WHEREAS municipalities have an aging recreation facility infrastructure that was put in place with assistance from provincial funding programs such as the Major Community Recreation (MCR) and Community Recreation/Cultural (CRC) Grants;AND WHEREAS the Province of Alberta and the Alberta Recreation and Parks Association completed a Recreation Infrastructure Study which found that over $500 million is required to rehabilitate this infrastructure framework; AND WHEREAS funding from the existing Community Facility Enhancement Program (CFEP) and Community Lottery Board program is insufficient to address these needs and to save this recreation infrastructure from total collapse, particularly when spread over so many smaller, uncoordinated and unplanned community projects;
THEREFORE BE IT RESOLVED that the Alberta Association of Municipal Districts and Counties urge the Government of Alberta to review funding priorities so that funds can be made available to save the recreation infrastructure currently in place, before facilities are lost that could have been preserved through prompt action.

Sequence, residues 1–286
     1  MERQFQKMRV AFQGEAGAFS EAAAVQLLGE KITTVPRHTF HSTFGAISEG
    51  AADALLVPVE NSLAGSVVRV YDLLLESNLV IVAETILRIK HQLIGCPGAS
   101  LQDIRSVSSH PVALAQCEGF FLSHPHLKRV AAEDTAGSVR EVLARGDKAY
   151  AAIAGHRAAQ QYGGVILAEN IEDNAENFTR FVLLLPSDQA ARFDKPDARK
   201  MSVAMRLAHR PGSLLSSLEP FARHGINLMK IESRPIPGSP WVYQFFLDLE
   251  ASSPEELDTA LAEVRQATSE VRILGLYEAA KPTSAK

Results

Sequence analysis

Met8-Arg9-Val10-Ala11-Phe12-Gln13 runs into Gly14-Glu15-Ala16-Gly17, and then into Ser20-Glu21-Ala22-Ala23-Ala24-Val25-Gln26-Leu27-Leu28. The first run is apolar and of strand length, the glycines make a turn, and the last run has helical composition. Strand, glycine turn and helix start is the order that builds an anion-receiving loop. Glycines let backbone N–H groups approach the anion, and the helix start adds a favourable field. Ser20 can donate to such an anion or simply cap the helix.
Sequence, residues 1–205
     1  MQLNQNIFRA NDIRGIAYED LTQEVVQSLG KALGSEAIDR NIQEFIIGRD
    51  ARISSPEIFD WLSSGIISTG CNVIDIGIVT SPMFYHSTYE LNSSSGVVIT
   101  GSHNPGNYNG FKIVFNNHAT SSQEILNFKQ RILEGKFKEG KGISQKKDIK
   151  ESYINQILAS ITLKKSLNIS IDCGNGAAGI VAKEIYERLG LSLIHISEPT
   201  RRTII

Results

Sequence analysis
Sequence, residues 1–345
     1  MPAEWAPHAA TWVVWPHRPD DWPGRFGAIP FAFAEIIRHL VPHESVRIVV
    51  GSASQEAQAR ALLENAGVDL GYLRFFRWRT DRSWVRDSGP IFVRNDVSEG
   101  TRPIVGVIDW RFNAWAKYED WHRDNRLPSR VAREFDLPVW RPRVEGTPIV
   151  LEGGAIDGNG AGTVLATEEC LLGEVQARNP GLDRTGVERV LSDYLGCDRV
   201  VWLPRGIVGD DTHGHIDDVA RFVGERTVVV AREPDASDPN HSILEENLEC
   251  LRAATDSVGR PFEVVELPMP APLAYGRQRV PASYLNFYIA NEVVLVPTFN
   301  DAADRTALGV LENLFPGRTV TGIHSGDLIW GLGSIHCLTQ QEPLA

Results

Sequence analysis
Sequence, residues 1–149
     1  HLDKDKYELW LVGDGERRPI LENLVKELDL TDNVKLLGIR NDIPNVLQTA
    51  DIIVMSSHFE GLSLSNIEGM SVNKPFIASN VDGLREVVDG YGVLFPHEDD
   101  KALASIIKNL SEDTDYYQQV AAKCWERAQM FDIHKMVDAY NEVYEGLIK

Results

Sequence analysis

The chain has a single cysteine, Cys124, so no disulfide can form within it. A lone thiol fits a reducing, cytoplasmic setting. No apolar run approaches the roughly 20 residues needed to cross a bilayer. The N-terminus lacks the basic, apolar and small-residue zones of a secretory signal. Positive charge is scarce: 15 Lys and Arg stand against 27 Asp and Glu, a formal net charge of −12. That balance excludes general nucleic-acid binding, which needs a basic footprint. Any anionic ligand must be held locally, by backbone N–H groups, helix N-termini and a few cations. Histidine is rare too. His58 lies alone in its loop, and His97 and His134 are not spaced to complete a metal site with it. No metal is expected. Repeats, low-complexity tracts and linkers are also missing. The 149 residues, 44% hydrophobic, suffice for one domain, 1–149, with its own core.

Recreation infrastructure in most Alberta communities was built with the assistance of provincial grant funds. The Major Community Recreation Grant and the Community Recreation/Cultural Grant helped build the pools, arenas, curling rinks and halls that we have in the province today. Since those grant programs were available in the 1970s and 1980s, the facilities they helped to build are now growing old. In a study of the recreation infrastructure in Alberta (1997-2000), the Alberta Recreation and Parks Association found that there were 56 indoor pools, 49 outdoor pools, 238 arenas, and 137 curling rinks in Alberta. Of those facilities, more than 77% will be over 25 years old by the year 2005. The value of this inventory is well over $500 million (current dollars). The study found a variety of problems with these old buildings, such as permanent ice lenses under the floors of arenas, corrosion in many of the buildings due to humidity problems, roof and wall problems from overloading, and poor ventilation and insulation.Many other issues are also impacting the future of this infrastructure. These factors include population migration, an aging population and new trends in recreation, and are influencing demands for recreation programming.Funds are needed not only to address the decay found in many of these buildings but also to refurbish, replace and revitalize the opportunities they are designed to provide. If steps are not taken to save the viable infrastructure that is already available in many Alberta communities, the opportunities they provide now and the potential they would have if they were rebuilt for the future will be lost to the wrecking ball.